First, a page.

Shirley Sherrod, the Agriculture Department official ousted during a racial firestorm last month, declined Tuesday to return to the agency, though she said it was tempting.
Sherrod and Agriculture Secretary Tom Vilsack said that she might work with the agency in a consulting capacity in the future to help it improve its outreach to minorities. She told reporters she did not think she could say yes to a job “at this point, with all that has happened.” “I look forward to some type of relationship with the department in the future,” she said. “We do need to work on the issues of discrimination and race in this country.”
We assumed Shirley Sherrod would sue the heck out of the Agriculture Department and keep it moving, but it looks like she’s headed to Washington, D.C. to hash out the situation with her former bosses, including Tom Vilsick, the United States Secretary of Agriculture. Read the rest of this entry »
Read the rest of this entry »
(Atlanta Journal Constitution) — Kenyatta Sherrod, left, and Russia Sherrod, the children of Shirley Sherrod, speak to a reporter after a rally in support of their mother, Shirley Sherrod Wednesday, July 21, 2010 in Albany. Shirley Sherrod has been at the center of controversy after she was fired, then offered her job back, by the U.S. Dept. of Agriculture over a video clip purporting to show she was racist.
(New York Times) — President Obama on Thursday urged Shirley Sherrod, the black Agriculture Department official whose firing and subsequent offer of rehiring this week renewed a conversation about politics and race, to continue “her hard work on behalf of those in need,” the White House said.
Capitol Hill reporters relentless peppered White House press secretary Robert Gibbs with questions of why the White House rushed to judgment and demanded the resignation of Shirley Sherrod. A clearly flustered Gibbs could only say and repeat that the White House made its horrible decisions on faulty information. Gibbs promised a review to get to the bottom of why and how it happened. The surface reason the White House dumped Sherrod was made on faulty information, a doctored video, and simple ignorance of the true facts. It wouldn’t have taken much of an investigation to find the truth. That wasn’t done.
Former Civil Rights Commission Chairperson Mary Frances Berry and others claim that Obama is scared stiff of being ripped by Fox News, Limbaugh, Beck and the conservative smear machine. That’s just as spurious. If Obama sneezes, they’d attack him for polluting the Ozone, so there’s no real fear of them. The decision to can Sherrod had everything to do with politics, and the tight cornered racial parameter of his presidency.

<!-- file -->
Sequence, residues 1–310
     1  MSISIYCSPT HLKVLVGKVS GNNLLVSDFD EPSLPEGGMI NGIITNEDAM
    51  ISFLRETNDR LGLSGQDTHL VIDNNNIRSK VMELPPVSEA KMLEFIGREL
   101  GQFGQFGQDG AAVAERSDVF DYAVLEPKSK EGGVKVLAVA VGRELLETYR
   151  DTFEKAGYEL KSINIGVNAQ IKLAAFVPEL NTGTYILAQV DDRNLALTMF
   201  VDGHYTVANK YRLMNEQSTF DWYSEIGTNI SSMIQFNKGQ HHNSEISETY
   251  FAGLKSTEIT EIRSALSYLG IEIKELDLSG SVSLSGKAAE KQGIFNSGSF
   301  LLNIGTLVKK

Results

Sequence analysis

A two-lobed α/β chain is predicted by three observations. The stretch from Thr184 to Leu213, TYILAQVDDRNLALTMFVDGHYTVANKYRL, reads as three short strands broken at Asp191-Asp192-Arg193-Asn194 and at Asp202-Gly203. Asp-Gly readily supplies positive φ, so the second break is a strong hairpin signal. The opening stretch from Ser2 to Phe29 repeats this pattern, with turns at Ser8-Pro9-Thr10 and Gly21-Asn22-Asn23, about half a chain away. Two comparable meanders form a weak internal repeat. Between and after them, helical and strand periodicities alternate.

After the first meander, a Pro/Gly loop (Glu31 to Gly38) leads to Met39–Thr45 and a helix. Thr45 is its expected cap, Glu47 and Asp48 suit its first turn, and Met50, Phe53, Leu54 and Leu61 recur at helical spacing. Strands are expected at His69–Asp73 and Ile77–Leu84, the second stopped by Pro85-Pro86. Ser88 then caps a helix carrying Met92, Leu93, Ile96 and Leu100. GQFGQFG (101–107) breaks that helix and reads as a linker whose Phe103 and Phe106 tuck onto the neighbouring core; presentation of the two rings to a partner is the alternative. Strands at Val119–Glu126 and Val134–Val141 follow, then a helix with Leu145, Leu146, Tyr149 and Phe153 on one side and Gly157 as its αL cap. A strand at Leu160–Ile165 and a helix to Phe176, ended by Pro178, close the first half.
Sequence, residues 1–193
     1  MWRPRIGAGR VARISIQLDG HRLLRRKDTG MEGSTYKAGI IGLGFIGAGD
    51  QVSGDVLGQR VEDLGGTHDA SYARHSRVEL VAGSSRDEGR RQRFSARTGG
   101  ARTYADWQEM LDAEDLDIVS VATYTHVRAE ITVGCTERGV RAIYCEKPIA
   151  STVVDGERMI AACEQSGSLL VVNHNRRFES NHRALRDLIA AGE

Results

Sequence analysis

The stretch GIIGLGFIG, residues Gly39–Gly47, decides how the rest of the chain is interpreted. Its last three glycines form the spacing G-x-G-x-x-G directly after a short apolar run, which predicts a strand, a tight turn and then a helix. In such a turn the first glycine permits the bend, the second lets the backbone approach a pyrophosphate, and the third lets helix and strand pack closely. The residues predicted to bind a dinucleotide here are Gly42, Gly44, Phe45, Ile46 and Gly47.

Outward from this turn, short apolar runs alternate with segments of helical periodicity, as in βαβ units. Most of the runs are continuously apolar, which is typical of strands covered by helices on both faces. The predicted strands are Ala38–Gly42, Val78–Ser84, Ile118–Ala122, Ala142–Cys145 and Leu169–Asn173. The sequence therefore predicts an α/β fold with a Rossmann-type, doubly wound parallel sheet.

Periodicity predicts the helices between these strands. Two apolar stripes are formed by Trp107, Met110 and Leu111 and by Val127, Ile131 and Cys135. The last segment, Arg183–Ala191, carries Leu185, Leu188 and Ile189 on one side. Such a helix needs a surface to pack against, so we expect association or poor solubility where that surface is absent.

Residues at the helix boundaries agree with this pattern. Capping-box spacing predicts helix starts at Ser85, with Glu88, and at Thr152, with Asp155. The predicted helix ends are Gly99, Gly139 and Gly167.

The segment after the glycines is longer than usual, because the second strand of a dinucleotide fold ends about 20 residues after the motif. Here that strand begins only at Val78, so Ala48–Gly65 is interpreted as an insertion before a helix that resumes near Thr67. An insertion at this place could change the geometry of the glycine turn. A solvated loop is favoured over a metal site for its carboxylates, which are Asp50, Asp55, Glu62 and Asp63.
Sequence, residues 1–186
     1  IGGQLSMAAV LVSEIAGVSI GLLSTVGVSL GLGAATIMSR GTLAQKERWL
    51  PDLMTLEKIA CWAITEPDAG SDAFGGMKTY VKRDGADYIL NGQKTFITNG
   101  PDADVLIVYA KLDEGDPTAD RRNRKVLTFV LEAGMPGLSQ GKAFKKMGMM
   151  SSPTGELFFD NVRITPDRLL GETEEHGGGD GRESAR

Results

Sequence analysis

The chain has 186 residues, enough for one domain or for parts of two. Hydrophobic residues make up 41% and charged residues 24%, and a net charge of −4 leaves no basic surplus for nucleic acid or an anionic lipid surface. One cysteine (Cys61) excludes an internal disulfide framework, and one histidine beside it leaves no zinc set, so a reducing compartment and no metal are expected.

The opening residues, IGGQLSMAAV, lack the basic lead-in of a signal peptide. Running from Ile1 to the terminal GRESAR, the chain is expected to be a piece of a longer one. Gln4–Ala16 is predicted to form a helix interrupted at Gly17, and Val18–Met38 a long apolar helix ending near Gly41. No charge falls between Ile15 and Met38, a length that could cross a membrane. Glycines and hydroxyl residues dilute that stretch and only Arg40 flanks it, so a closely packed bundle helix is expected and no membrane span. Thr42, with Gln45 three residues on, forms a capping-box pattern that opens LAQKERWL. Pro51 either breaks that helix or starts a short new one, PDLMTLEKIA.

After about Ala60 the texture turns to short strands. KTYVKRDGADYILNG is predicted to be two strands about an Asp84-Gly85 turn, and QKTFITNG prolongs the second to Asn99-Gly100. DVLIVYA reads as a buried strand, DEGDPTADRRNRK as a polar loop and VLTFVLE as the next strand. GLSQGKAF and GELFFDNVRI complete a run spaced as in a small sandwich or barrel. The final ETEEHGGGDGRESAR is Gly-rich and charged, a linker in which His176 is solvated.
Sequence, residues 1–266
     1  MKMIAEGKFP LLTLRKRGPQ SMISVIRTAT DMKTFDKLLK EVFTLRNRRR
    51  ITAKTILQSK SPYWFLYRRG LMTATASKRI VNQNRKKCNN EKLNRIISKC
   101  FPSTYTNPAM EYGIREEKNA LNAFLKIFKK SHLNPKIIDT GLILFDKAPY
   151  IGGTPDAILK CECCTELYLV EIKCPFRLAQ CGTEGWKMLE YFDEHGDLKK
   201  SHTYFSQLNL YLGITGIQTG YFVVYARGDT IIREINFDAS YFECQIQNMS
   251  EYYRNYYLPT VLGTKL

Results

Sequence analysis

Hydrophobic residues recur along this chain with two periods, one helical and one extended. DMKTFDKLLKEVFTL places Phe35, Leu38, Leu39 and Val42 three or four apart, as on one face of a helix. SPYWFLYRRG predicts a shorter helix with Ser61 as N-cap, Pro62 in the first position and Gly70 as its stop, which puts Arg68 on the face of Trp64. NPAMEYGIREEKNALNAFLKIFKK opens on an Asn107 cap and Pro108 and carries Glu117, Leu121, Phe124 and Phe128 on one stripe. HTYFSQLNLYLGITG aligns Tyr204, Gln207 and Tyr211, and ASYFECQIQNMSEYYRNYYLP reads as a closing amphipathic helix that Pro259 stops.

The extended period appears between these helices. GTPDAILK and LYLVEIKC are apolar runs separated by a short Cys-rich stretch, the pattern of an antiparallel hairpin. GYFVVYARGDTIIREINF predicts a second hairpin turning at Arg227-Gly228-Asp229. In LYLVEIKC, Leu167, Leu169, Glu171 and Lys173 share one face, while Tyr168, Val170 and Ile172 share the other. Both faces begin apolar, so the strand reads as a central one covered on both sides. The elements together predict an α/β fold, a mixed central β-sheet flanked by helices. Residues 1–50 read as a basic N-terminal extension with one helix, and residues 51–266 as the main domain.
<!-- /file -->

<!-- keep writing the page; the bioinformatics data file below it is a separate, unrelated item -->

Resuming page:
This was set the very first day of his presidential campaign. In his candidate declaration speech in Springfield, Illinois in February 2007, he made only the barest mention of race. The focus was on change, change for everyone. He had little choice. The institution of the presidency, and what it takes to get it, demands that racial typecasting be scrapped. Obama would have had no hope of winning the Democratic presidential nomination, let alone the presidency, if there had been any hint that he embraced the race-tinged politics of Al Sharpton or Jesse Jackson. His campaign would have been marginalized and compartmentalized as merely the politics of racial symbolism. The month after he got in the White House he mildly chided Attorney General Eric Holder for calling Americans cowards for not candidly talking about race.
The term for that is racial overcompensation. He must react, hard and swift, to any appearance of anyone connected with his administration that says or does anything that can be construed as racial favoritism. The doctored Sherrod speech was a near textbook fit of the requirement to punish any real, imagined, or put up racial transgression with firing, reprimand, and a quick distancing from the offending party.
Obama got a bitter taste of the misery that race can cause a president when in an unscripted moment he spoke his mind and blasted a Cambridge cop for cuffing and manhandling Harvard University professor Henry Louis Gates. The loud squeals that he was a bigot, racist and anti police for siding with Gates bounced off the Oval Office walls. A chagrined Obama back pedaled fast and asked all for forgiveness. There would no White House repeat of the Gates fiasco.